Information consumers will get value from the dashboard environment by learning how to filter and highlight existing dashboards and export content out of a dashboard into their presentation tool of choice, spreadsheets and writing tools. These users form the backbone of value generation from your BI investment. Their training requires two to four hours. This group’s engagement is critical to developing a data-driven organization. Their training should focus on primary navigation, filtering, navigating the outputs and developing enough knowledge to ask for something new as needs arise. These consumers need to be aware of best practices and what is possible so that they understand how to articulate their needs effectively.
Technical employees need different (more in-depth) training than analysts, heavy users and information consumers.
IT staff are tasked with developing new data sources, cleaning data, structuring it and maintaining its quality, timeliness and performance. They need to have expert-level skills with the software, knowledge of industry best practices and continuous learning options. To manage the back end, they will need training in the cloud environment (Amazon, Microsoft, Google Cloud). One or more must understand the data transformation tools, database, security and governance environments.
Consider augmenting your technical staff with external experts if they need help. These external resources can be an excellent sounding board for your team, and they will accelerate learning. Expert consultants can provide a knowledgeable second opinion on essential software and design decisions. Suppose you must blend existing security protocols with new software. Experienced consultants will have experience with different methods for achieving the desired result.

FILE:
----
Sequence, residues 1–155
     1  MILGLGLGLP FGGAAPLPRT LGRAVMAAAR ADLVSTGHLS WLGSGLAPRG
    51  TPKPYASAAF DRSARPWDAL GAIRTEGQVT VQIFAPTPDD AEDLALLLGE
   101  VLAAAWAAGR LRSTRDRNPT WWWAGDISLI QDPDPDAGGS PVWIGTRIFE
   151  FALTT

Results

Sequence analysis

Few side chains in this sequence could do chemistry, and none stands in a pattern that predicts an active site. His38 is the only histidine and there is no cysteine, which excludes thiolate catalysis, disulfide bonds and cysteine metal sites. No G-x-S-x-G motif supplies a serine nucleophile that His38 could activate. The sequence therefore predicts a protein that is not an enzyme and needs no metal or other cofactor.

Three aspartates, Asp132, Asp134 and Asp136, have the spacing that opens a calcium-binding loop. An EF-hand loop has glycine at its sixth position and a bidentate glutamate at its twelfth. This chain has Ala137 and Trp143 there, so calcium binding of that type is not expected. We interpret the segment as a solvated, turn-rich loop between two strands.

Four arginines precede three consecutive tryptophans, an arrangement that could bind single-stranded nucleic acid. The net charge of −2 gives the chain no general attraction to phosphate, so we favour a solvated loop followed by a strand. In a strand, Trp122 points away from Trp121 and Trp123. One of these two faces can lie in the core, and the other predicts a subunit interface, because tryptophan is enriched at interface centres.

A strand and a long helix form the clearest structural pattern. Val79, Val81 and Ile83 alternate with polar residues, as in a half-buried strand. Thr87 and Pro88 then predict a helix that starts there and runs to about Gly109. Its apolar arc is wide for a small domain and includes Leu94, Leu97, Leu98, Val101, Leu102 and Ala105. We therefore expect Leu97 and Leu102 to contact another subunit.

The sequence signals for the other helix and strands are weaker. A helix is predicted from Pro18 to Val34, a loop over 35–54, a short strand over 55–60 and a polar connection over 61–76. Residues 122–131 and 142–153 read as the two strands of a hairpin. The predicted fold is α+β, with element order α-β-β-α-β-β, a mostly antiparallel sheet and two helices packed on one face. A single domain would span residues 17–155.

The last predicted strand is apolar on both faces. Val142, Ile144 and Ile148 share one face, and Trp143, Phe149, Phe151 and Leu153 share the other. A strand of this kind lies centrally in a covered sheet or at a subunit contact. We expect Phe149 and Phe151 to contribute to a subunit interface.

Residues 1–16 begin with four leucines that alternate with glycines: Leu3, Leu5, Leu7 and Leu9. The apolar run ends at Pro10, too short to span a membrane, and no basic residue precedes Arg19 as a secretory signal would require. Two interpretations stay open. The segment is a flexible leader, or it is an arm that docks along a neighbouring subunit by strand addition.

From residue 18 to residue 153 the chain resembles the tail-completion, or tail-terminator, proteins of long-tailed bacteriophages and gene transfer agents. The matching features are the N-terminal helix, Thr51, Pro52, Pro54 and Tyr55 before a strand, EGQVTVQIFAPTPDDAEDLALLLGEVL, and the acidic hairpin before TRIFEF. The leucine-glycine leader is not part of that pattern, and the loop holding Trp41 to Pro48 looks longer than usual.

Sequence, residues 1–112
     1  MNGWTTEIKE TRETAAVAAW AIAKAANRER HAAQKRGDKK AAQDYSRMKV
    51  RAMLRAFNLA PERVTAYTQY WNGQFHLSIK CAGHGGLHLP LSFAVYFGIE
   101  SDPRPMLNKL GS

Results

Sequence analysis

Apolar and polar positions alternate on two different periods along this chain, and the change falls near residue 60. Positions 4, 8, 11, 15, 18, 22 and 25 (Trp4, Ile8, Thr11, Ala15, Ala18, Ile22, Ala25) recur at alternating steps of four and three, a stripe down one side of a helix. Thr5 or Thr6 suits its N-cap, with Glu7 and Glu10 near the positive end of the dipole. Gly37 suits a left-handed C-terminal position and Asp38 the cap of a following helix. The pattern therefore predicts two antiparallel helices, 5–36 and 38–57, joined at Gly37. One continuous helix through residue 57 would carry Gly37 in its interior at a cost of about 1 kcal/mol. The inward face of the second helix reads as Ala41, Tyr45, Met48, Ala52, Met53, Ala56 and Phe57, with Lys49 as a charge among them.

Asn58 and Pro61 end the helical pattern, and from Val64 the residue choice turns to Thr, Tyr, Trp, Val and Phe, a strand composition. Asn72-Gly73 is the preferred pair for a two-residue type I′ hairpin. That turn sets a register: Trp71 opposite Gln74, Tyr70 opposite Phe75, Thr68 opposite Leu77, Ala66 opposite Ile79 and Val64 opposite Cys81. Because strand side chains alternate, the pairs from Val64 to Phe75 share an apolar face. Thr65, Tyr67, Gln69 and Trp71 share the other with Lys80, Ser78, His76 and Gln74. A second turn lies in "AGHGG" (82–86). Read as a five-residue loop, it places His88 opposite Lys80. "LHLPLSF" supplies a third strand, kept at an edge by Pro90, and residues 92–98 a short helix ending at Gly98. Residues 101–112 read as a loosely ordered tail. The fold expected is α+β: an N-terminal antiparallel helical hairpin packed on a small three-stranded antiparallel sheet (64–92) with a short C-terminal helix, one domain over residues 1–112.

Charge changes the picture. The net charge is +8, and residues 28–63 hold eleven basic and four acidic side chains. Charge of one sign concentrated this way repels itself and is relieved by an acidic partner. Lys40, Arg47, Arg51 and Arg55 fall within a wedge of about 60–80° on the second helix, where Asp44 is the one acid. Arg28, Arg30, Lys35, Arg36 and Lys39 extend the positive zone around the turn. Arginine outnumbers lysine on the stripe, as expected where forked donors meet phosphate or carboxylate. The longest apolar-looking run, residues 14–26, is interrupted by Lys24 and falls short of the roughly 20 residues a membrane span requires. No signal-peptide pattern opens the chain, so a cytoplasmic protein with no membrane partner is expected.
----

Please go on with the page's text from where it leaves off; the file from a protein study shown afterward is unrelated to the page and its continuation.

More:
Training Methods for Your Deployment Team and IT Staff
Training for your deployment team and technical analysts can be accomplished best using these methods:
- Classroom training: Two to three weeks of classroom training will be necessary for certification in your chosen tool sets. This cohort must accumulate several months of practical experience before gaining expert-level skills and knowledge.
- Contracted Services: Provide IT experts access to training through contracted services. In some cases, it may make sense to contract these services permanently for less frequent needs (security protocols, system monitoring).
- Internal user groups/Center of Enablement (CoE): Your experts should be people running your help desks and periodic user meetings for your company. Assist them using consulting experts with experience if they need to learn how to start.
Your best analysts should form the backbone of your ongoing training of more casual system users. They should be the core team your end users engage with for help. This team should also have the discretion to retain experts to help with this work if the questions are outside the scope of their knowledge or if they need to keep up with training needs.
Be patient. Even the most brilliant people need time with new software to develop expert-level skills.
Before you have a large group of people using the system, you must consider how to secure your data and make the correct data easy for them to find. We’ll cover this in the next post on security and governance.